Rise in borrowers taken to court for credit union debt
CREDIT unions are taking a more aggressive approach to those who owe them money, with a surge in the number of people being taken to court over debts.
The 407 credit unions in the State are increasingly turning to the courts to obtain judgments -- an order of a district or circuit court that a person must pay what they owe.
Figures obtained by the Irish Independent show that, last year, 3,670 people were dragged through the courts by credit unions, according to calculations by 'Stubbs Gazette'.
This represents around one in eight of the 30,000 judgments obtained by all lenders in the district courts and is double the number for 2009.
The figures for the number of judgments are estimates because the Courts Service is now refusing access to its data.
Credit unions are also eager to register judgments. This means the details of the court decision will be published and will appear on the consumer's credit record.
James Treacy of Stubbs Credit Bureau said credit unions were increasingly turning to the courts to recoup unpaid loans.
A spokeswoman for the Irish League of Credit Unions defended the court actions. Legal moves were only taken where a credit union member refused to discuss their debts or agree to a rescheduling of repayments.
"Unfortunately, on some occasions, it is only when legal intervention is made that a member will engage with the credit union on an arrangement around the debt and, while we regret that this is on the increase, it is a sad reflection of the economic difficulties that many of our members are facing."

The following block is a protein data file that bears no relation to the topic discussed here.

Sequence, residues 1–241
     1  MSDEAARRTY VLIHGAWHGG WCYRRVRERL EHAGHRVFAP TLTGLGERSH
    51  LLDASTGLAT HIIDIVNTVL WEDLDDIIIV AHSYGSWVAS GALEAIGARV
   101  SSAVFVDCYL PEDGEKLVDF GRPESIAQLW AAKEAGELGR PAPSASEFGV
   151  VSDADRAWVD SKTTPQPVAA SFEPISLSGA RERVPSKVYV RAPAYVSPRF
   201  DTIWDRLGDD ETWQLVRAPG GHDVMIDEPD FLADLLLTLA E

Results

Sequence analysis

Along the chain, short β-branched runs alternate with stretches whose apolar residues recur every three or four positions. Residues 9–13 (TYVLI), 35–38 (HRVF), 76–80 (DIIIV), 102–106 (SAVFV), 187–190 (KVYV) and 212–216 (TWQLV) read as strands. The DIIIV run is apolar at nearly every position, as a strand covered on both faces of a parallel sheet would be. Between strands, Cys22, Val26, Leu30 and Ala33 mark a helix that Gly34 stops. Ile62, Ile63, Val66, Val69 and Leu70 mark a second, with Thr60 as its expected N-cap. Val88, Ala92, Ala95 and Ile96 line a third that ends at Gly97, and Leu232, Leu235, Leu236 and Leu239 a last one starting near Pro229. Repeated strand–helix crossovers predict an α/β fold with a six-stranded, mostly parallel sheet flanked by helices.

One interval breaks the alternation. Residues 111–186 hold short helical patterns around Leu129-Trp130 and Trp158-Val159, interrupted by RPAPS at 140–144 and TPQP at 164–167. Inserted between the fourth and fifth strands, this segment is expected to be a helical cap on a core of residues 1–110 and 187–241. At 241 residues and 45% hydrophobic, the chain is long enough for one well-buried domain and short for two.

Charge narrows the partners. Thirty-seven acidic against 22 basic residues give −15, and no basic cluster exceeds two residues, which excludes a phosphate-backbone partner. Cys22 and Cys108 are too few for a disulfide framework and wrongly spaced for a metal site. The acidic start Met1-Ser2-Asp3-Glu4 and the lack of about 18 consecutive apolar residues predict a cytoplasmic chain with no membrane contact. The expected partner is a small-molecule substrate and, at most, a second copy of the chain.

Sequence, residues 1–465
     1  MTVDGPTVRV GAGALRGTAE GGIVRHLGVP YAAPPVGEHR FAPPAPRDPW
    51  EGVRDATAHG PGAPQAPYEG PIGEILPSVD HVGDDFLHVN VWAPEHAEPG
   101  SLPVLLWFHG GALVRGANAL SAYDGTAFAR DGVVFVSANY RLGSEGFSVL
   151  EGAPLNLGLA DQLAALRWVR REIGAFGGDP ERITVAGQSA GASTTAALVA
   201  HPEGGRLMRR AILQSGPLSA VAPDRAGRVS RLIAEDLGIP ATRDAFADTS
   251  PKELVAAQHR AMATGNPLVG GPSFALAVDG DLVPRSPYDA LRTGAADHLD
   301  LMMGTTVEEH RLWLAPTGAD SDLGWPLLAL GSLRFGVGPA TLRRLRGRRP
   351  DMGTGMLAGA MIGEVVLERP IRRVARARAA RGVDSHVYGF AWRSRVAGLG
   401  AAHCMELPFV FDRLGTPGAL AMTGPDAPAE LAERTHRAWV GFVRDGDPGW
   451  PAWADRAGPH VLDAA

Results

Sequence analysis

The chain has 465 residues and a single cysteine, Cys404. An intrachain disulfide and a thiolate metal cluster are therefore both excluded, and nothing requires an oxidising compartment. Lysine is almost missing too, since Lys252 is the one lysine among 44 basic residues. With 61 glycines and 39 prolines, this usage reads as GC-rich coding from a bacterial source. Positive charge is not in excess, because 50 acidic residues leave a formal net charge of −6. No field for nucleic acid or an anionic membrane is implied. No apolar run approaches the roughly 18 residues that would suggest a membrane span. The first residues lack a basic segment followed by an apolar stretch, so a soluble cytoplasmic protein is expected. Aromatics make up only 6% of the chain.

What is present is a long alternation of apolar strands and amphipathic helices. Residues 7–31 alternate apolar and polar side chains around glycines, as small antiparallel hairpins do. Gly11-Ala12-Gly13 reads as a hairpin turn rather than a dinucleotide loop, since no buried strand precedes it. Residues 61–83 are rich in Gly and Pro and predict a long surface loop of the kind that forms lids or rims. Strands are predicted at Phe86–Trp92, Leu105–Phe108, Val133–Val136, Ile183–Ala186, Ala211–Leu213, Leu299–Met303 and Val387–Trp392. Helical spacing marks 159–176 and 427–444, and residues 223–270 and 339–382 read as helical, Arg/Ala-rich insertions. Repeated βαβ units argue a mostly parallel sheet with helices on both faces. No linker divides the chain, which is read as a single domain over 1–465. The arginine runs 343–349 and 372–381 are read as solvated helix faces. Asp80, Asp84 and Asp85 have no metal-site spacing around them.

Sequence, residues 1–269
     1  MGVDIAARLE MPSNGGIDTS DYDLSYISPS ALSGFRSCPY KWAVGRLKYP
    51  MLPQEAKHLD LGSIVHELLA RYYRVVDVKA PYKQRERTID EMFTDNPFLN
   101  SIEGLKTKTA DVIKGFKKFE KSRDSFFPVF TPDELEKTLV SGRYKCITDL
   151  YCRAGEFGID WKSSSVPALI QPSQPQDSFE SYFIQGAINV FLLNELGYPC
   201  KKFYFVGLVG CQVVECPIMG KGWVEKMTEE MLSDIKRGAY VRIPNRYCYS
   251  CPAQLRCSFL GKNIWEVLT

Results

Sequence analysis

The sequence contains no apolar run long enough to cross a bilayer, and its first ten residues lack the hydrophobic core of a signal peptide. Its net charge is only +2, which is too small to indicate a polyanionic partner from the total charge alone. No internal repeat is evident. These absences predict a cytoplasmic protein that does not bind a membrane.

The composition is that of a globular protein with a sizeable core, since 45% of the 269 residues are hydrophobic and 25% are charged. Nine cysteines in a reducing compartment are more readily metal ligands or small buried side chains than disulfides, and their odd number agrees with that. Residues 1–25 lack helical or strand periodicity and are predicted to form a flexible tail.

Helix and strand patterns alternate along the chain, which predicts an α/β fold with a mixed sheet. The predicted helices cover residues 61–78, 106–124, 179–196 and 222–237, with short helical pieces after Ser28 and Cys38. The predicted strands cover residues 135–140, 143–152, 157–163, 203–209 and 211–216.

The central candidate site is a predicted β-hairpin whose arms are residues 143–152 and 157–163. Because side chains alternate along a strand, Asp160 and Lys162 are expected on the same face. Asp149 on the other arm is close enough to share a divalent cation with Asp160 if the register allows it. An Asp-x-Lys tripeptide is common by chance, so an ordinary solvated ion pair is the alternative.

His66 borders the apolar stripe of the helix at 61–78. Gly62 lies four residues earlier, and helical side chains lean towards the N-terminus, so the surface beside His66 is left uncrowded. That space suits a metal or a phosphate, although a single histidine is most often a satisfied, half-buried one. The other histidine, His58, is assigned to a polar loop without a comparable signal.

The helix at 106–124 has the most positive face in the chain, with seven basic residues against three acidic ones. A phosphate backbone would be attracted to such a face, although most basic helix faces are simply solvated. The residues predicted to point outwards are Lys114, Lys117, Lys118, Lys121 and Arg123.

She added that credit unions would make every effort to engage with members in difficulty.
The average loan was €8,300 and, once repayments were rescheduled, credit unions tended to be successful in recouping the debts, she added.
'Stubbs Gazette' has had to estimate the number of judgments being granted to credit unions. This is because, since October 2010, the Court Services has refused permission to correspondents to collect unregistered judgments.
Unregistered judgments account for more than 80pc of total judgments.
The grounds given were that it was not specifically written into statute that information on unregistered judgments could be collected, even though 'Stubbs' had been collecting these since 2000.
Legal action is to be taken by a company called Registry Trust/Irish Judgments, which engages correspondents to collect judgment information from courts, over the move to curtail access to judgment information.